Since the deadly viral disease known as severe acute respiratory syndrome (SARS) swept through the world in 2003, killing 774 people and infecting over 8,000, scientists have struggled to figure out exactly where it came from. They traced it to bats in southern China, but believed that the virus had to undergo genetic changes through an intermediary animal — the civet. But new research into the matter has found “the clearest evidence yet” that the SARS coronavirus (SARS-CoV) originated in Chinese horseshoe bats and has found similar strains that could be transferred through contact with humans.

Previous studies on bats had shown that the SARS virus they carried was close to the one that infected humans. But a major difference, in the so-called spike protein, which latches onto, and infects human cells was coded in a way that disabled infection, according to Wired. For this reason, authorities believed the virus transferred to civets in Chinese markets, where it underwent the genetic changes that allowed it to infect humans. For this reason, China began monitoring markets where bats, civets, and other wild animals were sold as food.

The study, conducted by the National Institutes of Health’s Ecology and Evolution of Infectious Diseases Initiative (EEID), has now found that genetic samples sourced from Chinese horseshoe bats over the course of a year yielded at least seven strains of SARS-like coronaviruses (SL-CoVs), two of which were more closely related to the SARS-CoV that infected humans than any other CoV previously found in bats. Going further, the researchers were able to isolate a live SL-CoV from one of the samples, which subsequently attached itself to a human cell in a culture.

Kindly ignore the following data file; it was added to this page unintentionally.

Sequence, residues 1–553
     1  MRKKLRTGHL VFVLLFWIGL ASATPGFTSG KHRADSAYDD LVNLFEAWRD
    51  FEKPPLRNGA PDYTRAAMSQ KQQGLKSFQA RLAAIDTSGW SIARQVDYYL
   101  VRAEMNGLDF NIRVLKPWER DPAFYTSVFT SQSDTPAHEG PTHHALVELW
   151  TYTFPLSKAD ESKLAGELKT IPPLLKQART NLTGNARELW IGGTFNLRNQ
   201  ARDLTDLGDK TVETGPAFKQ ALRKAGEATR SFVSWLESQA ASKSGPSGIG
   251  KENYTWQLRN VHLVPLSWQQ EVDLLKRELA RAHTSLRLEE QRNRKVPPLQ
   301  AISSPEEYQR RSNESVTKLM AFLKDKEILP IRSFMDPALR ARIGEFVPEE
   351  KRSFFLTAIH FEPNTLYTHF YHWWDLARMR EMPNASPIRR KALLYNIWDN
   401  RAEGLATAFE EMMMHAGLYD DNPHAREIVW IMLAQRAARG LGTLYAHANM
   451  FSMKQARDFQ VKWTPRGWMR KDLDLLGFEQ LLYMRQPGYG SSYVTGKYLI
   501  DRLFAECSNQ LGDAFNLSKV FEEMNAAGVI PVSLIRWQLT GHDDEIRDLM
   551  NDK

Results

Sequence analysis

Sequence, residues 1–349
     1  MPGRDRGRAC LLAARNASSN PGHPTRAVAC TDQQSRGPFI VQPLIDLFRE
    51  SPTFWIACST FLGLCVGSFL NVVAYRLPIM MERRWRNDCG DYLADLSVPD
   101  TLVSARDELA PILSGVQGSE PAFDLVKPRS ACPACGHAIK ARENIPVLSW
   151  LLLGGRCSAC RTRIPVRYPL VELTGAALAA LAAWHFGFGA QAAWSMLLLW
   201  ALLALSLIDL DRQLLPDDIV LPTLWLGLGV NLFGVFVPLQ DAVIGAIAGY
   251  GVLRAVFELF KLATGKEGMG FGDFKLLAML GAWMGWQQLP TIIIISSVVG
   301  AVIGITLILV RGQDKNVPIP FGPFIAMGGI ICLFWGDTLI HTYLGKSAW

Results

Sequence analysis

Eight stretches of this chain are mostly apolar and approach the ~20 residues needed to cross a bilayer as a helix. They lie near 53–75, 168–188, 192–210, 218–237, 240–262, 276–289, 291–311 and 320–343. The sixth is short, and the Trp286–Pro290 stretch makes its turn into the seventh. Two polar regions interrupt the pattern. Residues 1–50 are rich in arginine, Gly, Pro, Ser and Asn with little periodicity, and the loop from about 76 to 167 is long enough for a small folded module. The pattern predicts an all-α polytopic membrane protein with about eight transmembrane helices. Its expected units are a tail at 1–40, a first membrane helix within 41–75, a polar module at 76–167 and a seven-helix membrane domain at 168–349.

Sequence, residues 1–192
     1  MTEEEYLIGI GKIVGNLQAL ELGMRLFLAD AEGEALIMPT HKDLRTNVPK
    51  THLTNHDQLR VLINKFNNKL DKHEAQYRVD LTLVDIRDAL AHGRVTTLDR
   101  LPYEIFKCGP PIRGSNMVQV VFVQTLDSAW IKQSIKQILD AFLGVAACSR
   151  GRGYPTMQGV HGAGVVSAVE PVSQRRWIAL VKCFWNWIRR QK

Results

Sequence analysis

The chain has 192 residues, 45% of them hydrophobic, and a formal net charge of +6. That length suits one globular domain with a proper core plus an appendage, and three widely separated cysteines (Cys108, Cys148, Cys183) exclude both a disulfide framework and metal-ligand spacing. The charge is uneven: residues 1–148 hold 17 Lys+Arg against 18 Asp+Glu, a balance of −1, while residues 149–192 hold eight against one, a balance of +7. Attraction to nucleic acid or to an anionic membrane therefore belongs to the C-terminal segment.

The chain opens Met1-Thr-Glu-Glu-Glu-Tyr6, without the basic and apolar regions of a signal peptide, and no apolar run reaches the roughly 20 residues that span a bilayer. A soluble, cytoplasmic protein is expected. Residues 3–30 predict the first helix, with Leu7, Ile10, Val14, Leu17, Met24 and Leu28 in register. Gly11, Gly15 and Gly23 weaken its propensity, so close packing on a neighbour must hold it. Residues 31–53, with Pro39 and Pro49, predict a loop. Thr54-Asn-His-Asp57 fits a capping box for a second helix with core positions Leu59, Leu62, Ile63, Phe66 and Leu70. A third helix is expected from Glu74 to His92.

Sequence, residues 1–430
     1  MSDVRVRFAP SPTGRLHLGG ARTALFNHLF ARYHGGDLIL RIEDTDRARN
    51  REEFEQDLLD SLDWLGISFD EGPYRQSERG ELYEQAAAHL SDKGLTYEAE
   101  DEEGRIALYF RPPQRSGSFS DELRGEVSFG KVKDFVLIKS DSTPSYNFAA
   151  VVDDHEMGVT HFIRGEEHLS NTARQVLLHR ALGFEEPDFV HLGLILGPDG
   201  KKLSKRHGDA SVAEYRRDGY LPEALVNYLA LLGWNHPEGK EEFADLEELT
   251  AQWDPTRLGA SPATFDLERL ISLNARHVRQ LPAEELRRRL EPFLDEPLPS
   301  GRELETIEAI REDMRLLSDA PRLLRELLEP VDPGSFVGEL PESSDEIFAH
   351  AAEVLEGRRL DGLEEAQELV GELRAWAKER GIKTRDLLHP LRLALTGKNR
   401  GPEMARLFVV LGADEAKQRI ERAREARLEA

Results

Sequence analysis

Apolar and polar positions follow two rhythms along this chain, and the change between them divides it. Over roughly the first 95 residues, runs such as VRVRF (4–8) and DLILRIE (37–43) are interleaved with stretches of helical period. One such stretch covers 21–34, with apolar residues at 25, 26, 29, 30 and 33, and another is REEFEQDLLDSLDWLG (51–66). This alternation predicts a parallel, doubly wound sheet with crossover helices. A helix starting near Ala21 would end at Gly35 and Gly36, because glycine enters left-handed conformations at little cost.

“This paper indicates that the bat is the origin and that the virus can be directly transmitted to humans,” Charles Calisher, a virologist at Colorado State University, who wasn’t involved in the study, told The Wall Street Journal, adding that it “practically rules out the possibility” that civets were necessary to intermediate viral transmission.

Study author Peter Daszak says the study’s results should be a warning to people in the Chinese population, and elsewhere, that eating bats can lead to the virus’ transmission. But Christian Drosten, a coronavirus expert at the University of Bonn, Germany, stopped short of making such a conclusion, saying that the lab experiments don’t necessarily mean the virus will certainly transmit to humans. “Reception studies and cell culture aren’t everything,” he told Wired. “You would have to take the virus and see in an animal experiment whether it can, for instance, infect a primate.”

Drosten said that the study’s findings are reminiscent of the coronavirus causing Middle East respiratory syndrome (MERS), which has already killed 62 people, according to the Centers for Disease Control and Prevention. By studying the virus in these animals, researchers may be able to find the pathogens that would be responsible for future outbreaks, he said.

Source: Daszak P, Ge X, Shi Z, et al. Isolation and characterization of a bat SARS-like coronavirus that uses the ACE2 receptor. Nature. 2013.

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